Members commenced their discussion of the global economy by noting that inflation remained high and well above central banks’ targets. Inflation in many economies had declined from earlier peaks but progress in returning inflation to target had slowed. Recent monthly core inflation data had been higher than expected in a range of advanced economies. Nevertheless, inflation in advanced economies was still expected to decline over coming quarters as economic activity slowed and input price pressures continued to dissipate. Indicators of domestic demand across advanced economies had been mixed. Retail sales had increased in early 2023 in a few economies, although volumes generally remained below their peaks. The housing sector remained subdued in many economies, reflecting the tightening of monetary policy over the prior year. Most of these indicators pre-dated the financial stability concerns and financial market volatility prompted by bank failures in the United States and Switzerland. However, members observed that very timely measures of activity in the services sector had been resilient; survey measures of services output had remained solid in March in many countries and household sentiment in the United States had been little affected. At the same time, some commodity prices had declined. Members noted that labour markets had remained tight, but less so than a few months earlier. Employment growth had moderated in a number of advanced economies over the preceding six months. Although job vacancy rates had declined, they remained unusually high. Central banks and Consensus Economics’ panel were forecasting that unemployment rates would increase gradually from their multi-decade lows in many advanced economies. Wages growth had slowed in the United States and United Kingdom but remained above rates consistent with their central banks’ inflation targets. Domestic economic activity in China had begun to recover rapidly in the early part of the year from earlier COVID-19-related disruptions. Services sector activity, retail sales and industrial production had all recovered strongly in the first two months of 2023. Leading indicators suggested an improvement in property-related tweet at 9:32pm: RBA Minutes: Board Considered Rate Hike At April Meeting, Before Deciding To Pause -Agreed Stronger Case To Pause And Reassess Need For Tightening At Future MeetingsRBA minutes show strong case to pause and reassess need for tightening at future meetings • Board considered rate hike in April, before deciding to pause. • Agreed that there is a stronger case to pause and reassess the need for tightening. • Assessing data on inflation, jobs, consumer spending and business conditions. • Inflation is still too high. • Labour market had loosened a little but is still very tight. • Bank stress causing tighter financial conditions globally, a headwind for the world economy. It is interesting to note that they did "consider" a rate hike earlier this month but let's be real, actions speak louder than words - especially at this point in the tightening cycle. In case you need a reminder, they also offered up a subtle change to the forward guidance as highlighted at the time here.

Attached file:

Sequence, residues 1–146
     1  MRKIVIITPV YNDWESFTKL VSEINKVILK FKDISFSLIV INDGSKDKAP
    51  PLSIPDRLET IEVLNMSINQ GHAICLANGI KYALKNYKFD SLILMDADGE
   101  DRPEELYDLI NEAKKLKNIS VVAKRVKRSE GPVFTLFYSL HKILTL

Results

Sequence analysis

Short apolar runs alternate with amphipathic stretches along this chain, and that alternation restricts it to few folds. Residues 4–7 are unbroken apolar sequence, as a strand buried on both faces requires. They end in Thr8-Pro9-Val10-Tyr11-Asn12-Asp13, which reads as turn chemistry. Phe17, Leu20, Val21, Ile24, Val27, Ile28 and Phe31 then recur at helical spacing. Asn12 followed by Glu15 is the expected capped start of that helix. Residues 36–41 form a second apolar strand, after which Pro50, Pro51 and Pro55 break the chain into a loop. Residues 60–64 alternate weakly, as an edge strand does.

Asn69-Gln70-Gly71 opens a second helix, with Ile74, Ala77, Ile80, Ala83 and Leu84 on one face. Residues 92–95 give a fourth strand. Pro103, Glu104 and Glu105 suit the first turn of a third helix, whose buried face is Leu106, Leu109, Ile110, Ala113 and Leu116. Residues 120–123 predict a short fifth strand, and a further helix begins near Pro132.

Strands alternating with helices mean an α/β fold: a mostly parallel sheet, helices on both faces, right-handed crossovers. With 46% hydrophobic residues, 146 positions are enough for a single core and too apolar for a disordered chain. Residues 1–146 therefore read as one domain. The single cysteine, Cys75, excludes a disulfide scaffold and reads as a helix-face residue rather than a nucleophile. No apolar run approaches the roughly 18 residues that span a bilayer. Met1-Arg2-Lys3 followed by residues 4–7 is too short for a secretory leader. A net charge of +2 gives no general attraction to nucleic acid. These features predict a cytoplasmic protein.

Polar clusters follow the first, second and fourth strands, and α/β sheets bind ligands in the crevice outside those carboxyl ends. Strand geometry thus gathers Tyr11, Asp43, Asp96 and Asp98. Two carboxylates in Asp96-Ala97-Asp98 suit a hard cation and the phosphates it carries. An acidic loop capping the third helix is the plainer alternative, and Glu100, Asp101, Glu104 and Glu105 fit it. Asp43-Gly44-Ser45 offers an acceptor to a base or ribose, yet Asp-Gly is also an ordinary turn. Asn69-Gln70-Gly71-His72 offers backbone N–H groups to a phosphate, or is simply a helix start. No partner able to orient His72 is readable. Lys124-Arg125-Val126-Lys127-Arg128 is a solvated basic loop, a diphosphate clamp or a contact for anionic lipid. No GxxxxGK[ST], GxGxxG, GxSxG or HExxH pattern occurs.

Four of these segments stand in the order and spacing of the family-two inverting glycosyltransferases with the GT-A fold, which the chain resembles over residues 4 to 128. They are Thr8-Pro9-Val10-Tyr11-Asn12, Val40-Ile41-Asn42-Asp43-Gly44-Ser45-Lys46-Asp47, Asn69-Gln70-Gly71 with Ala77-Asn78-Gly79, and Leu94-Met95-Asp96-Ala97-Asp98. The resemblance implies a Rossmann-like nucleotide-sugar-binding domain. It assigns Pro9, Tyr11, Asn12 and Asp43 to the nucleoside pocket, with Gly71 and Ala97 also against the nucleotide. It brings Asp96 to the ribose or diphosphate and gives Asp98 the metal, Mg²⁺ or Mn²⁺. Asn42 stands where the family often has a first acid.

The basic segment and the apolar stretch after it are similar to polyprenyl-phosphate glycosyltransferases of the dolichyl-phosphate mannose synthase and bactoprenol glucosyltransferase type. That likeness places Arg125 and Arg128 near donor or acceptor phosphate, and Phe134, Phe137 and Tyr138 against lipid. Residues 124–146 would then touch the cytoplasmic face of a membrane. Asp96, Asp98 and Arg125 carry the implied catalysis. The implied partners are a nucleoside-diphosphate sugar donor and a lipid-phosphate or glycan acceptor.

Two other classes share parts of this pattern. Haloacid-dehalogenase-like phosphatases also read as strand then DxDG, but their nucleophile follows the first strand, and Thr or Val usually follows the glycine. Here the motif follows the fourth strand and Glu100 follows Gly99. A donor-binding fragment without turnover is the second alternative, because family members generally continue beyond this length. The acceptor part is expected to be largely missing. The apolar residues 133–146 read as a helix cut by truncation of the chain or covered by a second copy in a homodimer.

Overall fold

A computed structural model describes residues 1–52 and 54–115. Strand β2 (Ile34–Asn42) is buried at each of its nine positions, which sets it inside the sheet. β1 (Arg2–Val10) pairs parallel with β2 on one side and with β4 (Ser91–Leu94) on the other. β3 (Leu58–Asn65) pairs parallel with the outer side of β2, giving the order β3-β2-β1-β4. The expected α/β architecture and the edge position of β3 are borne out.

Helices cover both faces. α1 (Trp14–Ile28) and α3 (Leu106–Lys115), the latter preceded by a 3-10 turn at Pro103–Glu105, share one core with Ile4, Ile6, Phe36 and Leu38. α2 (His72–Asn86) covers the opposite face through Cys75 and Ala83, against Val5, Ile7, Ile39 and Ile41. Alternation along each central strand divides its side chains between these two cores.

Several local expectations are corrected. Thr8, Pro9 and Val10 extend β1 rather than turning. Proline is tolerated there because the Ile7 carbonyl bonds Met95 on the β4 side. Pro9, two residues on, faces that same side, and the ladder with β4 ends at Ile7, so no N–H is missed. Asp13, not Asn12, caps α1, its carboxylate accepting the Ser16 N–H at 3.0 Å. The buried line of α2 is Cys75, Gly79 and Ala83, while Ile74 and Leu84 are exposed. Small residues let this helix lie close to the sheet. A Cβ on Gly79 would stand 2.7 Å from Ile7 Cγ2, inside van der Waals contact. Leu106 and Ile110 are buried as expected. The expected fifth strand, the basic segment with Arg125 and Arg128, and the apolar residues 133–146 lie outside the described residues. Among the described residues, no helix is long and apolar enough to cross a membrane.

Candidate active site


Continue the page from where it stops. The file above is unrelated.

Regional equities were mostly quite upbeat despite the lukewarm lead from Wall Street, especially China and Hong Kong, both up well over 1%. The ASX 200 closed +0.3%. AUD/USD ...
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AUD/USD pares the first daily gains in three around 0.6710, after an initial jump to 0.6720, as strong China growth data joins RBA Minutes-led optimism during early Tuesday. That ...
China is willing to work with Russia to make new contributions to maintaining global and regional security and stability, State Councilor and Defense Minister Li Shangfu said on ...
The US consumer price index for March showed signs of cooling inflation. Headline CPI rose 5% year-over-year, the smallest increase since May 2021. However, core CPI increased by ...